This house defines the edge of a precipitous embankment, one that drops steeply down to Blue Hill Bay. The environment, though bold, is extremely fragile and heavily susceptible to erosion. Anchored by a series of piers pinned to ledge beneath the beach, the house is elevated above the ground and flood plain, allowing the terrain to be stabilized below. A series of seawalls define a terrace while providing a means of adjusting the inclination of the bank.
The volume of the house was governed by zoning regulations which limited the maximum buildable envelope based upon a grandfathered structure that was present on the site and its proximity to the water. This led to a bipartite massing aimed at distributing the majority of the allowable volume to the main living area overlooking the water all while keeping the scale of the structure relatable to the surrounding buildings. In the main space the roof was pitched to the south to capture daylight and filter it deep into the house, simultaneously providing passive ventilation through high clerestory windows. The clerestory, in conjunction with skylights and large operable doors and windows at the floor level, allows the house to remain cool without air conditioning.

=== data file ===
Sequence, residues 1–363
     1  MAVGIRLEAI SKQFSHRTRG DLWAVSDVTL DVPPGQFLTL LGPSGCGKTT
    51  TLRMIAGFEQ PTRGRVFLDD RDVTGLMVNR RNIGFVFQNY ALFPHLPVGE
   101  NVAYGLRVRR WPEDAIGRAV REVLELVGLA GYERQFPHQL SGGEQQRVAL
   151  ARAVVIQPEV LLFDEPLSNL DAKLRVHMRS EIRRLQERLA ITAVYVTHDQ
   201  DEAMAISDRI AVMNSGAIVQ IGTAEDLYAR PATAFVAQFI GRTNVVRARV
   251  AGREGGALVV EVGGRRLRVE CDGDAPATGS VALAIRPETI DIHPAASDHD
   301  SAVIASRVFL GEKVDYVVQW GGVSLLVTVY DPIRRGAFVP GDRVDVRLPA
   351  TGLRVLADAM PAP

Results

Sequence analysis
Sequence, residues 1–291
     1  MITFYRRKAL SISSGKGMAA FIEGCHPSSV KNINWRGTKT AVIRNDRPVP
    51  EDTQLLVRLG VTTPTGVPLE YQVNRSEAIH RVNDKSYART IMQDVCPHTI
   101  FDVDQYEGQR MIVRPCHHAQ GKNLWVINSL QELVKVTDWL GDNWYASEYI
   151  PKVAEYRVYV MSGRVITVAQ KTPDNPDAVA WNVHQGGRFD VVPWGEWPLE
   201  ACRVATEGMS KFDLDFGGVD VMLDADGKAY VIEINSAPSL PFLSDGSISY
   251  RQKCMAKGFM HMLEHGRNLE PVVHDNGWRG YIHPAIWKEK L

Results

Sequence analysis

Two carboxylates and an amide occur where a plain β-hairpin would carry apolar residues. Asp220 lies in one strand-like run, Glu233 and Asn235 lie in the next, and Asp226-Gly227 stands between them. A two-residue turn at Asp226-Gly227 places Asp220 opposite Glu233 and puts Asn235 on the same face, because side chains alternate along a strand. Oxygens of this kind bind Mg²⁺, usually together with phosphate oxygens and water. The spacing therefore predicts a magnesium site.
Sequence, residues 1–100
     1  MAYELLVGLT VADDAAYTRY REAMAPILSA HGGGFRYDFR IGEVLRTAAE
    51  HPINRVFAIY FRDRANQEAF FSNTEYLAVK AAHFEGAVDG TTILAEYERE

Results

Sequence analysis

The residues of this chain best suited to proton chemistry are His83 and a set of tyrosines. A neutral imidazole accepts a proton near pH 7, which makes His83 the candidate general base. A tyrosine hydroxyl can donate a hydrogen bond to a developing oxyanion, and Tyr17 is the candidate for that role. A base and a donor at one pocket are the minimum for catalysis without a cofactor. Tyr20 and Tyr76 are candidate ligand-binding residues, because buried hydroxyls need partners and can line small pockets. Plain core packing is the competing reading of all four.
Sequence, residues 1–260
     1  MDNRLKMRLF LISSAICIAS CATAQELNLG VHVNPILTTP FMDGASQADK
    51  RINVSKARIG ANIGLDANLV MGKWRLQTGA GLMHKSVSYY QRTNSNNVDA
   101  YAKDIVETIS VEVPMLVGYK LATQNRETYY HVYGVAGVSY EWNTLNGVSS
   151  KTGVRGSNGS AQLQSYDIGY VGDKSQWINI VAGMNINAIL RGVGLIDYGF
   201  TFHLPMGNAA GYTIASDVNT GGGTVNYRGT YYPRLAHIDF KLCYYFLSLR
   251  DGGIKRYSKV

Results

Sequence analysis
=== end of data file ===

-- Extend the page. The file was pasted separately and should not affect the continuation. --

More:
It was a critical project requirement that the home engage the water both visually and physically. From inside, unobstructed views are achieved through floor to ceiling glass, allowing the expanse of the bay to act as backdrop to the activity inside. At high tide the water comes under the house providing a sense that one is floating above the sea, lending a feeling of tranquility to the space above. Below, a set of stone steps from the terrace descends to the beach and into the water at high tide, providing immediate immersion into the sea.
Michael Boucher Landscape Architecture, Becker Structural Engineers, Peter Knuppel Lighting Design
M. K. Purvis Construction